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Phone call regarding DeNiro


#1

::slight_smile:



<LINK_TEXT text=“http://www.nypost.com/seven/09262008/go … 130828.htm”>http://www.nypost.com/seven/09262008/gossip/pagesix/coping_with_de_niro_flip_out_130828.htm</LINK_TEXT>



COPING WITH DE NIRO FLIP-OUT

September 26, 2008 –



ROBERT De Niro was such a big pain during the making of the 1997 movie “Jackie Brown” that then-Miramax chief Harvey Weinstein had to calm down director Quentin Tarantino.



“This is a great actor and actually a great guy, who’s going through a difficult time . . . I think he’s really having like a scratching-his-head session, you know, with his own life and his own career,” Weinstein says to Tarantino in a phone conversation leaked to Page Six. “I think he knows he can play a certain kind of role from now for the next 20 years. But I think he wants to change the course of his career.”



In the movie, a tribute to '70s blaxploitation flicks, De Niro plays an ex-con named Louis Gara. He apparently believed he should have been paid more. “He thinks he’s going to . . . make John Travolta look like that was an amateur night in Dixie,” says Weinstein in the 11-year-old recording, referring to Travolta’s comeback in Tarantino’s “Pulp Fiction.”



Responds Tarantino: "He’s still dealing with, subconsciously, the fact that he’s not going to get paid for doing the thing that he’s created after 20 years . . . He’s built his reputation on roles like Louis . . . ‘How can you not pay me?’ "



At another point, Weinstein warns Tarantino he might get a “weird midnight phone call” from the star. Tarantino rages: “Tell Bob not to call me yelling and screaming . . . I don’t know if I’m going to be nice [if] the guy calls up yelling and screaming at me like a maniac, calling me a [bleep]er!”





Weinstein’s lawyer, David Boies, said, “We are disappointed that any member of the press is trafficking in illegal tape recordings and compounding the damage by taking them out of context,” referring to the tape that was sent anonymously to Page Six.



De Niro’s rep said, "Unless you were privy to actual conversations . . . I would draw an analogy to the blind man who picks up the tail of an elephant and exclaims, ‘This animal must be quite slender and very wiry.’ "


#2

Holy crap, this is so interesting, thanks for that moussemaker (as always)!



I think I remember reading that De Niro was initially set to play Max Cherry, but this solidifies it. It’s so interesting to hear how these movie producers and directors talk to each other and especially how they talk about actors. It’s like the Hitchcockian thing of “actors aren’t shit, compared to me”. Also, very interesting how Weinstein feels that De Niro’s real-life predicament could play into his role of Louis.



Also, what’s intriguing to me is how someone I thought was humble, actually thinks a lot of himself. It’s unclear whether De Niro made specific reference to Travolta, but in hindsight it was a very fucking stupid thing to say. Travolta’s role as Vincent Vega is untouchable. Nobody could have pulled it off as perfectly as he did. What’s more, De Niro as Gara doesn’t even come in to my top 10 favourite QT characters list. Yeah, he was good in the role, he was very convincing (now we know why, LOL ;D), but no way was it groundbreaking or spectacular. It’s especially surprising given that De Niro actually SET OUT to show people what he’s made of. If he tried and didn’t get very far, what does that say?



Furthermore, when Weinstein mentions De Niro can play a certain kind of a role for next 20 years, what role was that? If he did actually go along and change the course of his career, it effectively became his demise as nothing he has done since 1997’s Jackie Brown has been anything to be particularly proud of. Hey, I love De Niro as much as the next man, but there is no denying that he has fallen off BIG TIME. Such a shame really.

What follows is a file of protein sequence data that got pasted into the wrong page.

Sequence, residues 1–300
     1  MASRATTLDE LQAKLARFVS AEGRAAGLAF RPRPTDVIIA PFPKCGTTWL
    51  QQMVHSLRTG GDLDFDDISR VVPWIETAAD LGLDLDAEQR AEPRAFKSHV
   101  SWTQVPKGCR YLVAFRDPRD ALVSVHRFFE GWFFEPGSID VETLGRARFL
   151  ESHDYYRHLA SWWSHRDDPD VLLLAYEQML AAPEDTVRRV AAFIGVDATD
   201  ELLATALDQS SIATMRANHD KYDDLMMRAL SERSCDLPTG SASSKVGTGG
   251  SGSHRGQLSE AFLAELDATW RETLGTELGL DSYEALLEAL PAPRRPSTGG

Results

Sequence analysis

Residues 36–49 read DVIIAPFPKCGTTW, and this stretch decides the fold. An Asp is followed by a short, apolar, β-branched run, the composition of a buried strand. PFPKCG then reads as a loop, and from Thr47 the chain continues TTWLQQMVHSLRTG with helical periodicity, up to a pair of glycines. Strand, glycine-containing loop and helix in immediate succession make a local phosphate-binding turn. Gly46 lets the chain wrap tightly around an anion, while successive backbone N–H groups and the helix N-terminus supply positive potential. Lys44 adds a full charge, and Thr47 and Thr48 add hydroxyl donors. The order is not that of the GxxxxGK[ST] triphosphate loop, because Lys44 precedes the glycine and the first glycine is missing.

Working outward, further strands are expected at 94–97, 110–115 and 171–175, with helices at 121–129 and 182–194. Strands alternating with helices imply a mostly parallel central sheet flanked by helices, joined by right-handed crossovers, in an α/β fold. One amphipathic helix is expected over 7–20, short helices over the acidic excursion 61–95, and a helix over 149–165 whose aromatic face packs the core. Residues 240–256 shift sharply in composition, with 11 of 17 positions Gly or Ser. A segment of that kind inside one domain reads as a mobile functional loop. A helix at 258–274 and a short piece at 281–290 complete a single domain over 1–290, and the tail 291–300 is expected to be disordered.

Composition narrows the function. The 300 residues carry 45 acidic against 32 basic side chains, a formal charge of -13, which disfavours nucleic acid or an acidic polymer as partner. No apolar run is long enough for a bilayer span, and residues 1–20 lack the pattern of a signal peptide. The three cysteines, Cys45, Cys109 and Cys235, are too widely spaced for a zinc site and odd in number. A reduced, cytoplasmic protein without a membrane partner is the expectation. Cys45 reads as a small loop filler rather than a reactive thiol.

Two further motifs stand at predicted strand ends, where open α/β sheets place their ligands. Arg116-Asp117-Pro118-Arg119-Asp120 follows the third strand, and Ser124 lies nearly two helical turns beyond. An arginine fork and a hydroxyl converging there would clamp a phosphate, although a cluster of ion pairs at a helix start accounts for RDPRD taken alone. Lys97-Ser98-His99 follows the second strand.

I love when QT talks business because he is so “in-the-know”, and so clinical and ruthless if needs be. QT don’t be fucking around, even if it’s regarding someone who’s considered by many as the greatest living actor. Incredible.


#3

. . . is that for real? quite a wonderful gem. there are at least three people in that conference call: harvey on one end and quentin and another person on the other end. someone called arnold? who is arnold? is the other voice bender perhaps? i’m assuming the lawrence weistein mentions is bender. duh. q.t. and the other person are on speaker phone. its so cool to hear q.t.'s voice with the room echo. the question is: who’s the guilty party who recorded the conversation? was it even recorded by one of the parties in the phone conference? and are there other nixon-esque recordings from the jackie brown production? more please . . .


#4

[quote=“moussemaker”]
Responds Tarantino: "He’s still dealing with, subconsciously, the fact that he’s not going to get paid for doing the thing that he’s created after 20 years . . . He’s built his reputation on roles like Louis . . . ‘How can you not pay me?’ " [/quote]

. . . is that statement really accurate? if quentin tarantino says it then it must be valid. but has deniro ever played a role quite like louis before? he’s played many a tough guy: travis bickle and max cady and even vito corleone are a trio of his greatest roles. but the louis character is different from all his others. louis is quite restrained, low key, slow, he doesn’t move that quickly. do you think deniro played the part without personality like that as revenge for not getting the money and the role he wanted?


#5

ooh… wow


#6

I’ve never held much stock in the conversation. It’s like, unless u were there in the moment you can’t really judge. I’ve got a lot of respect for DeNiro and especially QT but to be honest… I hate any and all producers… lol Weinstein’s an assclown.